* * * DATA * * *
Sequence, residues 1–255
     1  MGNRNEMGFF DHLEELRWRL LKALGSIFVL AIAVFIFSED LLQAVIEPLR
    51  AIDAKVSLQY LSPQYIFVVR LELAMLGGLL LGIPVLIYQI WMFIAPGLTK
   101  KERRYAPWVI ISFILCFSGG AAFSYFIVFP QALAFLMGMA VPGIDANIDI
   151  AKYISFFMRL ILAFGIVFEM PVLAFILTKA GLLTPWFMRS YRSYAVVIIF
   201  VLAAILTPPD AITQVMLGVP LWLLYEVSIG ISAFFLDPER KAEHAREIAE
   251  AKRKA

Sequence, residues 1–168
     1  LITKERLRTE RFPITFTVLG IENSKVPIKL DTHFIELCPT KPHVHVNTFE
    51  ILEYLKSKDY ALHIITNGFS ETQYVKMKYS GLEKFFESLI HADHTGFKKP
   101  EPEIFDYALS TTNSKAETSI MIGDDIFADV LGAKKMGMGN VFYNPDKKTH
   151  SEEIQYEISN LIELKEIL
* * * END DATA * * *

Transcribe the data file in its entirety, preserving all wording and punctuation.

Sequence, residues 1–255
     1  MGNRNEMGFF DHLEELRWRL LKALGSIFVL AIAVFIFSED LLQAVIEPLR
    51  AIDAKVSLQY LSPQYIFVVR LELAMLGGLL LGIPVLIYQI WMFIAPGLTK
   101  KERRYAPWVI ISFILCFSGG AAFSYFIVFP QALAFLMGMA VPGIDANIDI
   151  AKYISFFMRL ILAFGIVFEM PVLAFILTKA GLLTPWFMRS YRSYAVVIIF
   201  VLAAILTPPD AITQVMLGVP LWLLYEVSIG ISAFFLDPER KAEHAREIAE
   251  AKRKA

Sequence, residues 1–168
     1  LITKERLRTE RFPITFTVLG IENSKVPIKL DTHFIELCPT KPHVHVNTFE
    51  ILEYLKSKDY ALHIITNGFS ETQYVKMKYS GLEKFFESLI HADHTGFKKP
   101  EPEIFDYALS TTNSKAETSI MIGDDIFADV LGAKKMGMGN VFYNPDKKTH
   151  SEEIQYEISN LIELKEIL